The reason is quite simple, and it comes from the Hon. John A. Gibney, Jr. United States District Judge for the Eastern District for Virginia, writing in his decision in Tisdale v. Obama:
It is well settled that those born in the United States are considered natural born citizens.
I like to cite a long list of court decisions on the issue of Obama’s eligibility to refute the crank claims that US Presidents must always have citizen parents. I use the list because it’s impressive, but there’s something more important than its length, and that is its uniformity. Judge Gibney says that the question is well settled, and that list of cases demonstrates that it is settled. All the courts that have ruled on the merits in all the states where Obama’s eligibility has been challenged on the basis of his father’s status have gone the same way.
The Supreme Court gets involved when there are differences between the circuits, or between state supreme courts or between federal and state courts. There are no differences on this issue; it’s settled. The US Supreme Court will not review it. That was a rough summary of Supreme Court Rule 10. Considerations Governing Review on Writ of Certiorari. There is one additional situation where the Supreme Court might review a decision:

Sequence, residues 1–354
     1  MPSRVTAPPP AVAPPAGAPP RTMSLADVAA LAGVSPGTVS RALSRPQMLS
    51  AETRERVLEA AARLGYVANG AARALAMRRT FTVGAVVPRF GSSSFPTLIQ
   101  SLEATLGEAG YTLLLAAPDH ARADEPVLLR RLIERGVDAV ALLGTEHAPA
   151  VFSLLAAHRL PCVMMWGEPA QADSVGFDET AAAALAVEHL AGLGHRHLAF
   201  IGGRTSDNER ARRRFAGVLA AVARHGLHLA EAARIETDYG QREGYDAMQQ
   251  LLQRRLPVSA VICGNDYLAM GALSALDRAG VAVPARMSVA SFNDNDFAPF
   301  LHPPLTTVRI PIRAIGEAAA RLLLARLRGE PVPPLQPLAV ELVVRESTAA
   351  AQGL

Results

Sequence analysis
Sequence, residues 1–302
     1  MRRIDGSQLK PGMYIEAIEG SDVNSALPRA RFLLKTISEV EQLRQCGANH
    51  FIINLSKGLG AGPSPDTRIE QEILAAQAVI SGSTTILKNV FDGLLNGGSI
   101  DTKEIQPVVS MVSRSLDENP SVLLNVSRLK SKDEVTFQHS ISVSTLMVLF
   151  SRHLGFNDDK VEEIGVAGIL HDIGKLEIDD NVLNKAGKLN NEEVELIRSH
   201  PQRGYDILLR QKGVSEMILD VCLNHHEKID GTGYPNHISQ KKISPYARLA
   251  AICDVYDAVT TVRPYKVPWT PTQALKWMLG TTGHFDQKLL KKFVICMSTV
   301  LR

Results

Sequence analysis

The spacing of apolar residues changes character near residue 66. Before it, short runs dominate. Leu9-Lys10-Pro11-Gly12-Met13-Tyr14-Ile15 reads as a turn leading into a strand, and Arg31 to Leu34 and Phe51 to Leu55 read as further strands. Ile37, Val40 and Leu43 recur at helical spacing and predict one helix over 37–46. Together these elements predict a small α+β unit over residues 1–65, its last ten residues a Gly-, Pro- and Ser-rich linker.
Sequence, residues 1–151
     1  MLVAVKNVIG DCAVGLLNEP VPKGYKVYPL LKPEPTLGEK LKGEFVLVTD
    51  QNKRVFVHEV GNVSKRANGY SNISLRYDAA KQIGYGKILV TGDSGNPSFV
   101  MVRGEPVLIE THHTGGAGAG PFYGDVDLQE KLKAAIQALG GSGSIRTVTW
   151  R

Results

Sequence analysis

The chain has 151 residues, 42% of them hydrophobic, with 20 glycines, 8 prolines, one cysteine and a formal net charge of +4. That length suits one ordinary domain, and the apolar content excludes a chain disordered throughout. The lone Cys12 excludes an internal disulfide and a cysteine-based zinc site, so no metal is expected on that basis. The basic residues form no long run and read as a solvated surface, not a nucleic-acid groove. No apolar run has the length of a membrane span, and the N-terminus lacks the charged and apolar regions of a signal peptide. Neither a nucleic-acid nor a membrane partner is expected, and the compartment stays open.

(c) a state court or a United States court of appeals has decided an important question of federal law that has not been, but should be, settled by this Court, or has decided an important federal question in a way that conflicts with relevant decisions of this Court.
I suppose this where the birthers must hang their hopes; however, the essential issues were already decided by SCOTUS in 1898 in the case of US v. Wong and nothing in the more recent decisions conflicts with that. Birthers will say, of course, that the state decisions and the one federal decision are contrary to the Supreme Court’s decision in Minor v. Happersett, but that’s just because they don’t understand that case.
One might argue that the Supreme Court can hear any case it wants to. That’s true, but there have been several birther cases already that it could have heard if it wanted to weigh in on the issue. It didn’t.